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She was six years old when I first met her on the beach near where I live. I drive to
this beach, a distance of three or four miles, whenever the world begins to close in
on me. She was building a sandcastle or something and looked up, her eyes as blue
as the sea.

"Hello," she said. I answered with a nod, not really in the mood to bother with a
small child.
"I'm building," she said.
"I see that. What is it?" I asked, not caring.
"Oh, I don't know, I just like the feel of sand."
That sounds good, I thought, and slipped off my shoes. A sandpiper glided by.
"That's a joy," the child said.
"It's a what?"
"It's a joy. My mama says sandpipers come to bring us joy."

The bird went gliding down the beach. "Good-bye, joy," I muttered to myself;
"Hello,pain," and turned to walk on. I was depressed; my life seemed completely
out of balance.
"What's your name?" She wouldn't give up.
"Robert," I answered. "I'm Robert Peterson."
"Mine's Wendy, I'm six."
"Hi, Wendy." She giggled.
"You're funny," she said.
In spite of my gloom I laughed too and walked on. Her musical giggle followed
me. "Come again, Mr. P," she called. "We'll have another happy day."
The days and weeks that followed belong to others: a group of unruly Boy Scouts,
PTA meetings, an ailing mother. The sun was shining one morning as I took my
hands out of the dishwater. "I need a sandpiper," I said to myself gathering up my
coat. The ever-changing balm of the seashore awaited me. The breeze was chilly,
but I strode along, trying to recapture the serenity I needed. I had forgotten the
child and was startled when she appeared.

Hello, Mr. P," she said. "Do you want to play?"
"What did you have in mind?" I asked, with a twinge of annoyance.
"I don't know, you say."
"How about charades?" I asked sarcastically.
The tinkling laughter burst forth again. "I don't know what that is."
"Then let's just walk."
Looking at her, I noticed the delicate fairness of her face.
"Where do you live?" I asked.
"Over there." She pointed toward a row of summer cottages.
Strange, I thought, in winter.
"Where do you go to school?"
"I don't go to school. Mommy says we're on vacation."

She chattered little girl talk as we strolled up the beach, but my mind was on
other things. When I left for home, Wendy said it had been a happy day. Feeling
surprisingly better, I smiled at her and agreed.

Three weeks later, I rushed to my beach in a state of near panic. I was in no
mood to even greet Wendy. I thought I saw her mother on the porch and felt like
demanding she keep her child at home. "Look, if you don't mind," I said crossly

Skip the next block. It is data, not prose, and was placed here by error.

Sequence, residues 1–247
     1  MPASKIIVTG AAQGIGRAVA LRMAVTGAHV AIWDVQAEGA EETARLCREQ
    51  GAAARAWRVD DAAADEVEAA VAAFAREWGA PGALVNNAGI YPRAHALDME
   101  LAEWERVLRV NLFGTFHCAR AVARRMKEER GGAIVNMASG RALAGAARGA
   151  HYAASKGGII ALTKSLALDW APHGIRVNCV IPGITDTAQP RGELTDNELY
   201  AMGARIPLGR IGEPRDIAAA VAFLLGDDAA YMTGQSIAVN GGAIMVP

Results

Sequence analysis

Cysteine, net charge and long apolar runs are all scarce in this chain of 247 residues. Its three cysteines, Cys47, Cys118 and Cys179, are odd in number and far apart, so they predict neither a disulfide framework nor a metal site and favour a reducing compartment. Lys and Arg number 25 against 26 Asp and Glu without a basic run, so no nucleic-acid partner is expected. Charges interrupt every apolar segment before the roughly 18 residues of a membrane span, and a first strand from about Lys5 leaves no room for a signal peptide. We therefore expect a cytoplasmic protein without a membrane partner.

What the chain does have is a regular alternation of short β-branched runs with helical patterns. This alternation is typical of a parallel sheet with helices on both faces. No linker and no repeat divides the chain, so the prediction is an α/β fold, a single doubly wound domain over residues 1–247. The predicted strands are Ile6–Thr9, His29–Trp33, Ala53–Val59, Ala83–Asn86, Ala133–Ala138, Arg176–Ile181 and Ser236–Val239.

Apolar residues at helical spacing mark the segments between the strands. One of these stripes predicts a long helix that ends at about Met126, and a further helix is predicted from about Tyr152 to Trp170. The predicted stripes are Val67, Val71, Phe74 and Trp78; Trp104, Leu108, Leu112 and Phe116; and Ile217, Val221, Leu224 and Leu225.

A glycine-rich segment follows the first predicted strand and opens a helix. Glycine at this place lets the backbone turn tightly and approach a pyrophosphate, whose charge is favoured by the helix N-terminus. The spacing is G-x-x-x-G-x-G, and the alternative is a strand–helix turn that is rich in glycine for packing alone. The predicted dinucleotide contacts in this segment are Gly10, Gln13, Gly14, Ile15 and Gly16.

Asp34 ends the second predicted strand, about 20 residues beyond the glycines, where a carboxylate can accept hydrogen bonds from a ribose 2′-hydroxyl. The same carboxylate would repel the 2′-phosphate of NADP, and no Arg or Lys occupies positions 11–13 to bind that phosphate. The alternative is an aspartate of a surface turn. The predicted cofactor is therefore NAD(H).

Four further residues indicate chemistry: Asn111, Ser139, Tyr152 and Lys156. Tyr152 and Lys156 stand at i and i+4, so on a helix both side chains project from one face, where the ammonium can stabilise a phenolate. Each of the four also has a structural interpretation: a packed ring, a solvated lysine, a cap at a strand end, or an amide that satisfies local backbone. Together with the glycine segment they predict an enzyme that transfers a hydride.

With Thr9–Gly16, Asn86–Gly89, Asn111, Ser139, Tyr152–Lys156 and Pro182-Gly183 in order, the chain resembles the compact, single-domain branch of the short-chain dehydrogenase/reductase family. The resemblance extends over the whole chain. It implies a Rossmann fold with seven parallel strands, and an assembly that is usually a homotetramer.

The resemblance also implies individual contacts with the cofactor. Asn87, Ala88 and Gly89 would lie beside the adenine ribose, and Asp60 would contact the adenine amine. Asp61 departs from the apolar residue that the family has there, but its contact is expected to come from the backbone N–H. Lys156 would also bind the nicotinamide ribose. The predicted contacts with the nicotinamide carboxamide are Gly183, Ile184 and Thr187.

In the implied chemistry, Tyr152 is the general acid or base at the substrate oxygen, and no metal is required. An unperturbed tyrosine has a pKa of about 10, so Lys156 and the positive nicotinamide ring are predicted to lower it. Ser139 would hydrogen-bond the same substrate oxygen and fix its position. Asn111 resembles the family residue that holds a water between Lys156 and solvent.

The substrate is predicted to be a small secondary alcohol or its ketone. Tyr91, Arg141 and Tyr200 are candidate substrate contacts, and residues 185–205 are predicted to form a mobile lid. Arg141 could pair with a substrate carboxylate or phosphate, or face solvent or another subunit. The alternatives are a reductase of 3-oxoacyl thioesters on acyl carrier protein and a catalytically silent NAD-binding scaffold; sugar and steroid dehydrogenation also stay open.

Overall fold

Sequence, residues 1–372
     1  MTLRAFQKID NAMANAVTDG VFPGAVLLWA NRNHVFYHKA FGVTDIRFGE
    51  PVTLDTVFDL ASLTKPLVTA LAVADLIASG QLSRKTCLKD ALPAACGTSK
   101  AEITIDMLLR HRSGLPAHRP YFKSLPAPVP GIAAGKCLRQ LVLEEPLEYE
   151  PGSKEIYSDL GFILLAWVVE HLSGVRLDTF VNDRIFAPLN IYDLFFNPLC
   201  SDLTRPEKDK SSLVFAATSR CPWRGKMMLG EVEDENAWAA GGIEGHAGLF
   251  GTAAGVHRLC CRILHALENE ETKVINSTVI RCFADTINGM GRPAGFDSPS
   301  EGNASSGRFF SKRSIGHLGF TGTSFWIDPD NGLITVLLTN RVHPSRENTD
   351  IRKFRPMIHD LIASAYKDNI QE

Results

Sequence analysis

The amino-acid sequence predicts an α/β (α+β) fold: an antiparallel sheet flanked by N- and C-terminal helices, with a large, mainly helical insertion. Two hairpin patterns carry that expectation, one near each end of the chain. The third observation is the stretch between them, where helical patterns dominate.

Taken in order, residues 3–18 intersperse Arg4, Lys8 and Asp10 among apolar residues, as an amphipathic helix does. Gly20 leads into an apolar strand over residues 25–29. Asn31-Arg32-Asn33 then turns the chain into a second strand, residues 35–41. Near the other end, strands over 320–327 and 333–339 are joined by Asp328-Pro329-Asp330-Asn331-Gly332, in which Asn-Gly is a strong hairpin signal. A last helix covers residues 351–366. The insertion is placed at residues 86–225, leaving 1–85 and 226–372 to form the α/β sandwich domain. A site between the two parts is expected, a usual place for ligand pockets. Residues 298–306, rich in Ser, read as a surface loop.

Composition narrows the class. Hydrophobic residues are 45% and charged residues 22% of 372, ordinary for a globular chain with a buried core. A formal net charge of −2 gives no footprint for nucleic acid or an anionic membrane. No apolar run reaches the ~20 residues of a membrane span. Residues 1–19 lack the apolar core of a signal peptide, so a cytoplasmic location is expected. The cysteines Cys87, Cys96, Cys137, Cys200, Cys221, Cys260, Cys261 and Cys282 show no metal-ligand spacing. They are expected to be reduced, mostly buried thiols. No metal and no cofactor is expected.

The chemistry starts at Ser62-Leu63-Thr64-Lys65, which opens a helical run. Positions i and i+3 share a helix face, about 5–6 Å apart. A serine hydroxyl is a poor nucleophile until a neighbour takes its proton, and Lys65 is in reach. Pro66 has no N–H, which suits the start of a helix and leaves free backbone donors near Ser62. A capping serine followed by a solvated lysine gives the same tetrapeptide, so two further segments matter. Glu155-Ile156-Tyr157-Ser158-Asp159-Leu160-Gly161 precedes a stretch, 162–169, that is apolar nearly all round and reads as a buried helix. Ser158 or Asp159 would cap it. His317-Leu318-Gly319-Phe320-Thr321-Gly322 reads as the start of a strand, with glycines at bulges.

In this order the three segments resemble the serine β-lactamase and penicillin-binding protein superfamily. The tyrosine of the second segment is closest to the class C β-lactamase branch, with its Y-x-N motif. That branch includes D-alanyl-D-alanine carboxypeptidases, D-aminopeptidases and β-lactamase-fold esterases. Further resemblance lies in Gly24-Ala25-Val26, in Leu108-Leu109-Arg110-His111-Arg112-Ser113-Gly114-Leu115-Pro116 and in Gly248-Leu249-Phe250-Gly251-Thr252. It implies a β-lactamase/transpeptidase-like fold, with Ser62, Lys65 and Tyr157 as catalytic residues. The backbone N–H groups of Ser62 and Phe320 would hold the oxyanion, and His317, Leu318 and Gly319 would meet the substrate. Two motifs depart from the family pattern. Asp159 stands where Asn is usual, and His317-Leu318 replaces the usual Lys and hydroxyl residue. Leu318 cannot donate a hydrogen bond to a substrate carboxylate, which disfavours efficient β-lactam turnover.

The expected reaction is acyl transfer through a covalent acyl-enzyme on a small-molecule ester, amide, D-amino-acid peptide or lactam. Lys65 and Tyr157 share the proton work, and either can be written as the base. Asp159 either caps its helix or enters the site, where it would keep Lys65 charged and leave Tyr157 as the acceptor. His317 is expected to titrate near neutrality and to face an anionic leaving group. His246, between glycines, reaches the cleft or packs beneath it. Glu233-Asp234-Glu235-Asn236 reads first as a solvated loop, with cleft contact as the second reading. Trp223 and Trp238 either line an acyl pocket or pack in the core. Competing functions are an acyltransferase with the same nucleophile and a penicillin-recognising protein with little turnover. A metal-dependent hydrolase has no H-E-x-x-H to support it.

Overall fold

when Wendy caught up with me, "I'd rather be alone today."

She seemed unusually pale and out of breath. "Why?" she asked.
I turned toward her and shouted, "Because my mother died!"
And thought, my God, why was I saying this to a little child?
"Oh," she said quietly, "then this is a bad day."
"Yes," I said, "and yesterday and the day before and ~ oh, go away!"
"Did it hurt? " she inquired.
"Did what hurt?" I was exasperated with her, with myself.
"When she died?"
"Of course it hurt!" I snapped, misunderstanding, and wrapped up in myself I
strode off.

A month or so after that, when I next went to the beach, she wasn't there.
Feeling guilty, ashamed and admitting to myself I missed her, I went up to the
cottage after my walk and knocked at the door. A drawn looking young woman
with honey-colored hair opened the door.
"Hello," I said. "I'm Robert Peterson. I missed your little girl today and wondered
where she was."
"Oh yes, Mr. Peterson, please come in. Wendy spoke of you so much. I'm afraid
I allowed her to bother you. If she was a nuisance, please accept my  apologies."
"Not at all ~ she's a delightful child," I said, suddenly realizing that I meant it.
"Where is she?"
"Wendy died last week, Mr. Peterson. She had leukemia. Maybe she didn't tell
you." Struck dumb, I groped for a chair. My breath caught.
"She loved this beach; so when she asked to come, we couldn't say no.
"She seemed so much better here and had a lot of what she called happy days.
But the last few weeks, she declined rapidly..." her voice faltered.
"She left something for you ... if only I can find it. Could you wait a moment while
I look?"
I nodded stupidly, my mind racing for something, anything, to say to this lovely
young woman. She handed me a smeared envelope, with MR. P printed in bold,
childish letters. Inside was a drawing in bright crayon hues, a yellow beach, a
blue sea, and a brown bird. Underneath was carefully printed:
Tears welled up in my eyes, and a heart that had almost forgotten to love opened
wide. I took Wendy's mother in my arms. "I'm so sorry, I'm sorry, I'm so sorry," I
muttered over and over, and we wept together.

The precious little picture is framed now and hangs in my study. Six words -
one for each year of her life - that speak to me of harmony, courage, and an
undemanding love. A gift from a child with sea-blue eyes and hair the color of
sand - who taught me the gift of love.

    By Mary Sherman Hilbert    
1980 Reader's Digest